Beat. And how long is that, think you?

Bene. Question-why, an hour in clamour, and a quarter in rheum; therefore it is moft expedient for the wife, if Don worm (his confcience) find no impediment to the contrary, to be the trumpet of his own virtues, as I am to myself; fo much for praifing myfelf; who, I myfelf will bear witnefs, is praife-worthy; and now tell me, how doth your Coufin ?

Beat. Very ill.

Bene. And how do you ?

Beat. Very ill too.

Bene. Serve God, love me, and mend; there will I leave you too, for here comes one in hafte.

Enter Ufula.

Urf. Madam, you must come to your uncle; yonder's old coil at home; it is proved, my lady Here hath been falfely accus'd; the Prince and Claudio mightily abus'd; and Don John is the author of all, who is fled and gone: will you come prefently?

Beat. Will you go hear this news, Signior? Bene. I will live in thy eyes, die in thy lap, and be bury'd in thy heart; and moreover I will go with thee to thy uncle.

[Exeunt.

SCENE changes to a CHURCH.

Enter Don Pedro, Claudio, and Attendants with tapers. Claud. S this the monument of Leonato?

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Atten. It is,

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EPITA PH.

Done to death by flanderous tongues
Was the Hero, that here lies:
Death, in guerdon of her wrongs,
Gives her fame which never dies.
So the life, that dy'd with shame,
Lives in death with glorious fame.
Hang thou there upon the tomb,
Praifing her when I am dumb.

Claud. Now mufick found, and fing your folemn

hymn.

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Claud. Now unto thy bones good night! Yearly will do this Rite.

Pedra. Good-morrow, mafers, put your torches out; The wolves have prey'd; and, look, the gentle day, Before the wheels of Phabus, round about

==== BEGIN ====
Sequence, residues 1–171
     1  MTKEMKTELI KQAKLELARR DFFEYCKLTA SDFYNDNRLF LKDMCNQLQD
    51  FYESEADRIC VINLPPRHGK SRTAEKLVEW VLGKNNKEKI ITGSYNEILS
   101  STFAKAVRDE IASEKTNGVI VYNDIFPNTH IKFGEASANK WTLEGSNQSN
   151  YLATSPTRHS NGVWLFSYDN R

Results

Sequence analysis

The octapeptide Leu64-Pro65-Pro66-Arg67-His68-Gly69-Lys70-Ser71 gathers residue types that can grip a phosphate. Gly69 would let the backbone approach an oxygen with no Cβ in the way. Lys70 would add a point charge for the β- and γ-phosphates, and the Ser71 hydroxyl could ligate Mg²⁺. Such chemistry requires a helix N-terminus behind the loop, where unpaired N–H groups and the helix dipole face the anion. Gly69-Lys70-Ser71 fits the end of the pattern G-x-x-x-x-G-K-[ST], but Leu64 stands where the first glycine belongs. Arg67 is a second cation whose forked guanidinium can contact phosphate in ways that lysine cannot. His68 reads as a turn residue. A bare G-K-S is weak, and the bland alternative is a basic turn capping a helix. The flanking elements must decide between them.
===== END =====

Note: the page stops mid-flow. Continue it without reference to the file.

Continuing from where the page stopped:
Dapples the drowly ealt with fpots of grey: Thanks to you all, and leave us; fare you well. Claud. Good-mórrów, mafters; each his feveral way. Pedro. Come let us hence, and put on other weeds ; And then to Leonato's we will go.

Claud

Claud. And Hymen now with luckier iffue fpeed's, (21) Than this, for whom we render'd up this woe! [Exeunt.

SCENE changes to Leonato's House.

Enter Leonato, Benedick, Margaret, Urfula, Antonio, Friar, and Hero.

Friar.

ID I not tell you, fhe was innocent ?

D"

Leon. So are the Prince and Claudio, who
accus'd her,

Upon the error that you heard debated.
But Margaret was in fome fault for this;
Although against her will, as it appears,
In the true courfe of all the question.

Ant. Well; I am glad, that all things fort fo well.
Bene. And fo am I, being elfe by faith enforc'd
To call young Claudio to a reckoning for it.

Leon. Well, Daughter, and you gentlewomen all,
Withdraw into a chamber by yourselves,
And when I fend for you, come hither mask'd:
The Prince and Claudio promis'd by this hour
To vifit me; you know your office; brother,
You must be father to your brother's daughter,
And give her to young Claudio.

[Exeunt Ladies

Ant. Which I will do with confirm'd countenance.
Bene. Friar, I must intreat your pains, I think.
Friar. To do what, Signior?

Bene. To bind me, or undo me, one of them;

Signior Leonato, truth it is, good Signior,

Your Niece regards me with an eye of favour.

(21) And Hymen now with luskier fue speeds,

Than this, for whom we render'd up this Woe.] Claudio could not know, without being a Prophet, that this new propos'd Match fhould have any luckier Event than That defign'd with Hero. Certainly, therefore, this fhould be a Wish in Claudio; and, to this End, the Poet might have wrote, feeds; i. e, speed' and fo it becomes a Prayer to Hymen.

D 5

us:

Dr. Thirlby.

Leon.